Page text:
Red neon gobies do particularly well with other peaceful, strong-current fish such as loaches and danios. 

These omnivores have been known to accept the occasional protein, but they heavily rely on algae and biofilm to stay healthy, so they are a great last addition to a heavily planted tank. 

Panda garra freshwater fish - Garra flavatra
 Fish That Like High Flow

9. Panda Garra

Size: 2.5 to 3.5 inches (6 to 8 cm)

Tank Level: Middle to Bottom

Diet: Omnivorous

Optimal Temperature: 70º to 77° F (21º to 25° C)

Life Expectancy: 4 to 6 years

Panda Garra fish, also called panda flavatra, are docile, active, and stunning, and they love a strong-current fish tank. These bottom to middle-level fish have a suctorial disk and bottom fins that keep them from floating away in their native fast-flowing streams and rivers in Myanmar

These adorable fish are predominantly black with some yellow-orange and light brown stripes. They have broad heads with narrow bodies, which gives them an appealing appearance. 

These fish are always on the move, which makes them very entertaining fish to watch. They often interact with humans, and mine always likes to pop up and visit me when I get near the tank. 

Panda Garra can be aggressive to others of their kind, but they never really do any damage. Still, to avoid stress, I recommend keeping only one at a time. 

These fish double as cleaners and active tank fish, so I love to keep them in my strong-current builds. 

Common pleco Hypostomus plecostomus Fish That Like High Flow

10. Plecos

Size: Various

Tank Level: Bottom

Diet: Omnivorous

Optimal Temperature: 74° to 80° F (23º to 27º C)

Life Expectancy: 10 to 15 years

Plecos are your do-it-all cleaner fish, and with their heartiness, peacefulness, and versatility, it isn’t hard to see why.

These South American bottom-feeders have giant mouths and suctorial disks that allow them to trace the edges of your tank, cleaning as they go. 

Common plecos have a light brown body with dark peaks and spots and flowing, fan-like fins, making them look a bit like a fishy leopard. However, many varieties have more stunning colors, such as white with black stripes, bright white spots, or yellow polka-dots. 

Although plecos predominantly eat algae and biofilm, they will eat some insects, worms, and leftover flakes at the bottom of the tank. 

Still, it’s crucial to get the right pleco for your tank. Some plecos can reach huge sizes of more than 12 inches (30.5 cm) long! 

However, some of the best plecos for mid-size or community tanks are zebra, pitbull, clown, leopard frog, and gold spot dwarf plecos. Always check with your fish seller before buying a pleco to check the expected growth size before buying one. 

Corydoras sterbai Fish That Like High Flow

11. Cory Catfish

Size: 1 to 3 inches (2.5 to 7.6 cm)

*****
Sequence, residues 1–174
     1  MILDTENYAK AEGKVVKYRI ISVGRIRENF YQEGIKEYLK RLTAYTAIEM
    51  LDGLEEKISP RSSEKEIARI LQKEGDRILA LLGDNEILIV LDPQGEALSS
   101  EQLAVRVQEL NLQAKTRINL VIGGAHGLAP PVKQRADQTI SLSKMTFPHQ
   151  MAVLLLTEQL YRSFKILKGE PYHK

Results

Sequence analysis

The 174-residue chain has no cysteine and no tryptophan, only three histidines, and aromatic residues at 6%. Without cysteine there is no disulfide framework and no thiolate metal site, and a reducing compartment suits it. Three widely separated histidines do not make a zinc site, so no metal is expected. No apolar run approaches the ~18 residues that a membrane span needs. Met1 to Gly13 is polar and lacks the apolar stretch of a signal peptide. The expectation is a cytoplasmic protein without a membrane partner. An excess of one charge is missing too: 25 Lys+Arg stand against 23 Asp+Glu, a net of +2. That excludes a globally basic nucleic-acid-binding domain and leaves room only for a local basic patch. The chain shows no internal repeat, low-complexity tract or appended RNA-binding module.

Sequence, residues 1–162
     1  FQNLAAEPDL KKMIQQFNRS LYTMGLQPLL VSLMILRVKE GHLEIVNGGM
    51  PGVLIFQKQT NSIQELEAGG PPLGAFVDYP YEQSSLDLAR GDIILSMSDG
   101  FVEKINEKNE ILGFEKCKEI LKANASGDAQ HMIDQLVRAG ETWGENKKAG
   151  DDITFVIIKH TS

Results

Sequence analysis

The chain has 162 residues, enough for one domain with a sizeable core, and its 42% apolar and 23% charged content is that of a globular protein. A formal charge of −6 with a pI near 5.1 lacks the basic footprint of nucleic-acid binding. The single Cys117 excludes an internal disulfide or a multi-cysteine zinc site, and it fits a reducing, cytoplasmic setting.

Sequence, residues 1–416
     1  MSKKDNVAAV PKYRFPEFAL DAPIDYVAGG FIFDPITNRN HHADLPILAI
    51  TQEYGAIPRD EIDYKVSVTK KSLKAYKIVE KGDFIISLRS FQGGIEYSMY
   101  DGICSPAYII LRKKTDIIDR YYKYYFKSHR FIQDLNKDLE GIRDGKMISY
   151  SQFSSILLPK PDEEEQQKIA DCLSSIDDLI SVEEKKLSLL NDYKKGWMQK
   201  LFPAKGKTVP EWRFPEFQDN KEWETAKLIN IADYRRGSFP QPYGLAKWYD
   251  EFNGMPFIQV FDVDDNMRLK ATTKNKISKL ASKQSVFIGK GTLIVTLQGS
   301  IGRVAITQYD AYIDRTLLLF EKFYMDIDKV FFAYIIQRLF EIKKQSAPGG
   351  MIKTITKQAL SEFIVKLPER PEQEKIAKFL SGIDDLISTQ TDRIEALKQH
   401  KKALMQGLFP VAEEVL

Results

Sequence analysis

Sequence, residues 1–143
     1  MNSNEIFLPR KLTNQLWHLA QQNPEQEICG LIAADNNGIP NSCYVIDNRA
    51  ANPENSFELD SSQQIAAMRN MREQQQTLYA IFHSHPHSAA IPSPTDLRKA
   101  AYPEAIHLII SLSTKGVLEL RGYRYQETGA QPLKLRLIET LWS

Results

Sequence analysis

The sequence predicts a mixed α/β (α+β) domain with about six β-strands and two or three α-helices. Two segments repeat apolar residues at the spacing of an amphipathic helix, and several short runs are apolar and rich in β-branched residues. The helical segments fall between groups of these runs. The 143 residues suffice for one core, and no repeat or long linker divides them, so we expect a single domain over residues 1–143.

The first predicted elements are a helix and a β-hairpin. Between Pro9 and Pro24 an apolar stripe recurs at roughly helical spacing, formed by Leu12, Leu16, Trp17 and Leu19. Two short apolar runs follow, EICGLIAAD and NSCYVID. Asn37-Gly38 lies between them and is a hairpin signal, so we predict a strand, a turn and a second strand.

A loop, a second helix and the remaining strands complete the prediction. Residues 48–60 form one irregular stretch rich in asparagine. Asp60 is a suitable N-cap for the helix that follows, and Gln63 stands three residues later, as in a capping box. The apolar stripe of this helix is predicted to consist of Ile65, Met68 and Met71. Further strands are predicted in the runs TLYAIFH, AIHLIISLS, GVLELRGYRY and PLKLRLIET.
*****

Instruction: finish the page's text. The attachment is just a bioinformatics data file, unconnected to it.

Tank Level: Bottom

Diet: Omnivorous

Optimal Temperature: 74° to 80° F (23º to 27º C) 

Life Expectancy: 5 years

Cory catfish, short for Corydoras catfish, are peaceful bottom feeders with a signature whiskered appearance. They naturally live at the bottom of streams and rivers, feeding on invertebrates and plant matter. 

Cory catfish never get too large, which makes them an ideal community tank fish. These catfish come in various colors, from white to iridescent to spotted, so there’s always a cory for everyone’s taste. My favorite is the masked Corydoras, which is white with a black stripe over its eyes, making it look like a tiny aquatic bandit. 

Cory catfish like to have buddies, so they do best with three or more in a tank. Some varieties will shoal in the middle of the tank, while others will stick to the bottom layer. 

These sweet little guys won’t pick a fight, so they do well with other non-aggressive fish such as danios, minnows, rasboras, hatchet fish, panda Garra, and gobies. 

How to Increase the Flow Rate in an Aquarium

So, if you’re looking for fish that enjoy high flow rates in the aquarium, then something you might be wondering is how to increase that flow rate.

Well, one of the only effective ways to increase the flow rate or current in an aquarium is to add more water pumps and powerheads. It’s one of the best ways to recreate the natural habitate of various freshwater fish that enjoy stronger currents.

Power heads are ideal as you can direct them in various directions, and adjust the flow as well. If you want to recreate the natural motion of water, using something like a wavemaker may also be an option.

Remember however, don’t create too high of a current, particularly when directed at the substrate or towards delicate plants. You want there to be a good current in the water without disturbing the plants and substrate, or else your snails might go flying all over the place!